This article originally appeared as a Web Development Zone e-newsletter.
By Phillip Perkins
I'll probably be criticized for saying this, but all data transferred through HTTP is text data. Understanding how to control this flow of data is the key to opening new doors to your solutions.
HTTP allows for different types of data to be streamed across its pathway, and MIME types define this data. For most HTTP transactions, this MIME type is "text/html". The majority of requests from a Web server are Web pages. Web pages are created by a cacophony of technologies, but the end to these Web pages is HTML. HTML is what the browser uses to render the data into a splendor of color, fonts, and intelligent layouts.
Sometimes developers need to present information through an HTTP server that isn't "text/html". An example of this is an image file or any other binary file such as a Microsoft Word document. You can control this by changing the "Content-Type" header in the document. For example, a JPEG-type image file transferred over an HTTP server would have a "Content-Type" of "image/jpeg".
Another header needed in this case is the "Content-Length" header. The Content-Length header defines the size in bytes of the content body of the document. And if the document data is encoded for delivery, another header, "Content-Encoding", defines the algorithm for document encoding. "Content-Disposition" describes how the content of the document should be handled. Two important Content-Disposition values are "attachment" and "inline".
Once the client receives the complete content body, the client closes the connection with the HTTP server. Here's an example of a reply sent to a client machine connected to the HTTP server:
HTTP/1.1 200 OK
Date: Mon, 01 Jan 2002 00:00:00 GMT
Expires: Mon, 01 Jan 2002 00:00:00 GMT
<HTML. . .
The HTTP server is responding to a "GET http://. . .test.asp" call. The server responds, telling the client that the HTTP version is 1.1. "200 OK" is the response code and the response description. All of the following information is headers to the document to be delivered and the actual document data. This document's Content-Type is "text/html", which lets us know that this is a Web page. After a couple of CRLFs, the document starts at "<HTML. . ."; this is the content body of the response.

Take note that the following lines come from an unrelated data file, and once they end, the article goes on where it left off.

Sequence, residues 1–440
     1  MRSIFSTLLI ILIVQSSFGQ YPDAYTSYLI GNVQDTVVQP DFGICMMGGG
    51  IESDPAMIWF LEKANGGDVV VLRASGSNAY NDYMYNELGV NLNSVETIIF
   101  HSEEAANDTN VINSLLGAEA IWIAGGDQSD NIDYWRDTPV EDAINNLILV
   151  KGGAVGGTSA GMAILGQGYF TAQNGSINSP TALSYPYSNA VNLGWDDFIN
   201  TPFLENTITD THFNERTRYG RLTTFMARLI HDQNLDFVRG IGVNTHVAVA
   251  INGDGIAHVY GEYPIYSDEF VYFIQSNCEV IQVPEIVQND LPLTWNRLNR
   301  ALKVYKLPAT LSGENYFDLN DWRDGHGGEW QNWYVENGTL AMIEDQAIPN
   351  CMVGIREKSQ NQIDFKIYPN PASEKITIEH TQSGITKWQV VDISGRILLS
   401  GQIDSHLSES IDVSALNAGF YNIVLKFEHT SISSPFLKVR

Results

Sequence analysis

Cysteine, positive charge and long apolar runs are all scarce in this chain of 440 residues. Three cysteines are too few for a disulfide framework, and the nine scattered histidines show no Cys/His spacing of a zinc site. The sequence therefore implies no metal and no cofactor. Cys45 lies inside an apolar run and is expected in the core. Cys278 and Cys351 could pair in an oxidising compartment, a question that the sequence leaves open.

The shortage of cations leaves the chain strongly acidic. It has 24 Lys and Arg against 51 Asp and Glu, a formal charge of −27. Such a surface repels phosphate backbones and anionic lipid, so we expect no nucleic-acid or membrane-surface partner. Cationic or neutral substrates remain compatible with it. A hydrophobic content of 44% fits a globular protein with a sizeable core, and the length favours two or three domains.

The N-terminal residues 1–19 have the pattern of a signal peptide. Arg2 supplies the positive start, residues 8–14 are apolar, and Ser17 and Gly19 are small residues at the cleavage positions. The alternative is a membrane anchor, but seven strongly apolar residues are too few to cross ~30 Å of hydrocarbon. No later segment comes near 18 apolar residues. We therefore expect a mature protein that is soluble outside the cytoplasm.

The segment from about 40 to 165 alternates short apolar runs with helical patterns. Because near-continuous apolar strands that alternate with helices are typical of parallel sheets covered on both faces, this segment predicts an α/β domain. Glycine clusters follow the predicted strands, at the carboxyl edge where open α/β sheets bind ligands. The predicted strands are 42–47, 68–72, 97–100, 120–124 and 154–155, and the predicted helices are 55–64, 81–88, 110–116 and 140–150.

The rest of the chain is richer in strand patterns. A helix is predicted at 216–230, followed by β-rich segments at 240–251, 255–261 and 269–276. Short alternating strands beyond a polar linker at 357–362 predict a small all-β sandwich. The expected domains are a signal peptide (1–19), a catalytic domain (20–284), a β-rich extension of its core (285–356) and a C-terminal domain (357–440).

In order to send almost any type of document data across the Internet, it's important to understand the delivery mechanism. Say you want to send a Word document across the Internet that would be handled by the client machine once it's received, all you need to do in ASP is to change the "Content-Type" header in the response to "application/vnd-ms.word" and use the Response.BinaryWrite() method to send the contents of the file. Here's an example of the code:
Response.ContentType = "application/vnd-ms.word"
Set strm = Server.CreateObject("ADODB.Stream")
strm.Type = 1 'adTypeBinary
Set strm = Nothing
In this code, the file is loaded into a binary type ADODB.Stream object. This data is then written to the Response through the BinaryWrite() method. In most cases, when the client browser requests this page, the browser should open this file in Word.
Now you can begin to create your own HTTP solutions for practically any MIME type. The Web world isn't limited to text and HTML. Knowing how to control the output of information to the client machine gives you the ability to create powerful, customizable solutions. It also helps you in your debugging and solution design.
For more information on the HTTP standard, visit the W3C site.
Phillip Perkins is a contractor with Ajilon Consulting. His experience ranges from machine control and client/server to corporate intranet applications.